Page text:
Pralatrexate
Clinical data
Trade namesFolotyn
AHFS/Drugs.comMonograph
License data
Routes of
administration
Intravenous
ATC code
Legal status
Legal status
Identifiers
  • N-(4-{1-[(2,4-diaminopteridin-6-yl)methyl]but-3-yn-1-yl}benzoyl)-L-glutamic acid
CAS Number
PubChem CID
IUPHAR/BPS
DrugBank
ChemSpider
UNII
KEGG
ChEBI
ChEMBL
CompTox Dashboard (EPA)
ECHA InfoCard100.205.791 Edit this at Wikidata
Chemical and physical data
FormulaC23H23N7O5
Molar mass477.481 g·mol−1
3D model (JSmol)
  • O=C(O)[C@@H](NC(=O)c1ccc(cc1)C(CC#C)Cc2nc3c(nc2)nc(nc3N)N)CCC(=O)O
  • InChI=1S/C23H23N7O5/c1-2-3-14(10-15-11-26-20-18(27-15)19(24)29-23(25)30-20)12-4-6-13(7-5-12)21(33)28-16(22(34)35)8-9-17(31)32/h1,4-7,11,14,16H,3,8-10H2,(H,28,33)(H,31,32)(H,34,35)(H4,24,25,26,29,30)/t14?,16-/m0/s1 checkY
  • Key:OGSBUKJUDHAQEA-WMCAAGNKSA-N checkY
 ☒NcheckY (what is this?)  (verify)

Pralatrexate, sold under the brand name Folotyn, is a medication used for the treatment of relapsed or refractory peripheral T-cell lymphoma (PTCL).[1][2]

Pralatrexate was approved for medical use in the United States in September 2009, as the first treatment for Peripheral T-cell Lymphoma (PTCL), an often aggressive type of non-Hodgkins lymphoma.[2][3]

Medical uses

Pralatrexate is indicated for the treatment of people with relapsed or refractory peripheral T-cell lymphoma (PTCL).[1]

Mechanism

Pralatrexate is a dihydrofolate reductase inhibitor.[1]

Discovery

Research on this class of drugs began in the 1950s at SRI International, where scientists were focused on developing new chemotherapies and antifolates that would be effective against tumor cells.[4]

In the late 1970s, researchers at Memorial Sloan Kettering Cancer Center discovered that cancerous cells take in natural folate through a protein identified as plasma membrane transporter (now referred to as "reduced folate carrier type 1" or "RFC-1"). Further research showed that when normal cells evolve into cancerous cells they often overproduce RFC-1 to ensure they get enough folate.[5]

A subsequent scientific collaboration was ultimately formed among SRI International, Memorial Sloan Kettering Cancer Center, and the Southern Research Institute with the intention of developing an antifolate with greater therapeutic selectivity – an agent that could be more effectively internalized into tumors (transported into the cells through RFC-1) and would be more toxic to cancer cells than normal cells.[5]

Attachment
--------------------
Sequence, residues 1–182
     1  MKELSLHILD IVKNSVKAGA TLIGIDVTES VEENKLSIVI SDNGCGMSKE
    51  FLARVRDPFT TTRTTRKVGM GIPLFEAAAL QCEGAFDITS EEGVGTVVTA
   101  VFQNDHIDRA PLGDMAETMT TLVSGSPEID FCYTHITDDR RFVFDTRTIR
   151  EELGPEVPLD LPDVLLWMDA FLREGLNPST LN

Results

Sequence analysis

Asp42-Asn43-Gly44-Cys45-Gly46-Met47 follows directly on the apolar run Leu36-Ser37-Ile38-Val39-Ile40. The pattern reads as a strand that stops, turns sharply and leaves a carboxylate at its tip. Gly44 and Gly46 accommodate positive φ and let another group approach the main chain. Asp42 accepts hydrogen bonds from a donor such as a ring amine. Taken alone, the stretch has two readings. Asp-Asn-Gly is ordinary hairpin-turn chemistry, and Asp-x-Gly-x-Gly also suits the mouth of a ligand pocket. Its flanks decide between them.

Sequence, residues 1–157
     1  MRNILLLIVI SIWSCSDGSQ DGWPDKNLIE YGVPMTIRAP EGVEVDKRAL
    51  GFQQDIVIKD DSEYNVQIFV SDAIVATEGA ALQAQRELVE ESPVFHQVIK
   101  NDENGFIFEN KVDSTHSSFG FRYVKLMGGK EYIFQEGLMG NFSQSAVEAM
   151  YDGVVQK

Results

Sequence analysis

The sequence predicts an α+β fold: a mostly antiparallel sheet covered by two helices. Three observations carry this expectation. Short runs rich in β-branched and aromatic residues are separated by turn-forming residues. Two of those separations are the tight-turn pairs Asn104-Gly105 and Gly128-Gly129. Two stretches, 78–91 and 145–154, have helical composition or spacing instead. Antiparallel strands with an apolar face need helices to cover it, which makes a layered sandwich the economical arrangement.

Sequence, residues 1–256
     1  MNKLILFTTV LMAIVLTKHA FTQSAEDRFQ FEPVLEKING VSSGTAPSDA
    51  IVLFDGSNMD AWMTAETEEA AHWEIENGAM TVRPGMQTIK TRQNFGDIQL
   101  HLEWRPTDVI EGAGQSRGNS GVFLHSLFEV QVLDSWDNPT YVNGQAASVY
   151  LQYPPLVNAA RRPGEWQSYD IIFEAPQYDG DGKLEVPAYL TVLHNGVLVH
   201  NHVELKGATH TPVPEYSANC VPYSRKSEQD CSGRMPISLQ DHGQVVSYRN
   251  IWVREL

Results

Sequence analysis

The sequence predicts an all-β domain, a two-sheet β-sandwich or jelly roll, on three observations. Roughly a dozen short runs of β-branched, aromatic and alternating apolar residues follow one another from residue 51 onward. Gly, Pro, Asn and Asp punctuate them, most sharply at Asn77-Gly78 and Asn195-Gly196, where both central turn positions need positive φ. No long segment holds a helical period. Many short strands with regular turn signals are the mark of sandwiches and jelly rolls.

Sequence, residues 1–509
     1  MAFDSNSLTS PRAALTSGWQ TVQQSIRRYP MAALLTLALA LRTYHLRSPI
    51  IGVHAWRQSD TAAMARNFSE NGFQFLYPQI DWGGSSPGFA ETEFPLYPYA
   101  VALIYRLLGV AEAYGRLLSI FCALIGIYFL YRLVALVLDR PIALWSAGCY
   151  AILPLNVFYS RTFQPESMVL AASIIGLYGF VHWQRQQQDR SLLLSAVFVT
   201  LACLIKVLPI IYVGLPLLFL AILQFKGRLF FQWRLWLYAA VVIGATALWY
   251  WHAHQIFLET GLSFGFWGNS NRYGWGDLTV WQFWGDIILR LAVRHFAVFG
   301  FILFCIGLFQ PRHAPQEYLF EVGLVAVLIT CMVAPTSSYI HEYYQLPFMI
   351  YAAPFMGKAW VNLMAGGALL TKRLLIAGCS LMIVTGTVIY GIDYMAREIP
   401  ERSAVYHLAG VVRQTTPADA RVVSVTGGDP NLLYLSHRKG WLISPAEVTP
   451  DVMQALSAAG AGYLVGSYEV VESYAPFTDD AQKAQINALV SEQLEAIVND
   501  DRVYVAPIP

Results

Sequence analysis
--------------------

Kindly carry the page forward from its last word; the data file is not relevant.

This collaboration, supported by the National Cancer Institute,"The NExT Steps in Drug Development at NCI". NCI Cancer Bulletin. 20 October 2009. Archived from the original on 5 October 2014.</ref> led to the identification of pralatrexate in the mid-1990s. Pralatrexate was later licensed to Allos Therapeutics in 2002 for further development.[6] Allos Therapeutics, Inc. was acquired by Spectrum Pharmaceuticals, Inc. on September 5, 2012. Allos is a wholly owned subsidiary of Spectrum.[7]

Society and culture

Legal status

Pralatrexate was approved for medical use in the United States in September 2009.[3][2]

Economics

Some oncologists, patient groups, and insurance companies criticized the cost of $30,000 a month or more, which could reach a total of $126,000 during a course of treatment.[8]

See also

References

  1. ^ a b c "Folotyn- pralatrexate injection". DailyMed. 28 May 2020. Retrieved 21 October 2020.
  2. ^ a b c "FDA Approves First Drug for Treatment of Peripheral T-cell Lymphoma". U.S. Food and Drug Administration (FDA) (Press release). 25 September 2009. Archived from the original on 1 October 2009. Retrieved 21 October 2020. ‹See TfM›Public Domain This article incorporates text from this source, which is in the public domain.
  3. ^ a b "Drug Approval Package: Folotyn (Pralatrexate) Injection NDA #022468". U.S. Food and Drug Administration (FDA). 23 November 2009. Retrieved 21 October 2020.
  4. ^ "Archived copy". Archived from the original on 2013-01-17. Retrieved 2010-09-20.CS1 maint: archived copy as title (link), Allos Therapeutics Press Release, "Allos Therapeutics' Pralatrexate Demonstrates Anticancer Activity in Multiple Cancer Cell Lines".
  5. ^ a b [1], Memorial Sloan Kettering Cancer Center Press Release, "FDA Approves Lymphoma Drug Developed at Memorial Sloan Kettering".
  6. ^ "FDA Approves Pralatrexate for Treatment of Peripheral T-Cell Lymphoma" (Press release). SRI International. 2009-09-25. Retrieved 2013-07-10.[dead link]
  7. ^ Avery G (2012-09-07). "Purchase of Allos Therapeutics is completed". Denver Business Journal. Retrieved 2013-07-10.
  8. ^ Pollack A (December 4, 2009). "Questioning a Cancer Drug That Costs $30,000 a Month". New York Times. Retrieved 2009-12-05. The price of the new drug, called Folotyn, is at least triple that of other drugs that critics have said are too expensive for the benefits they offer to patients.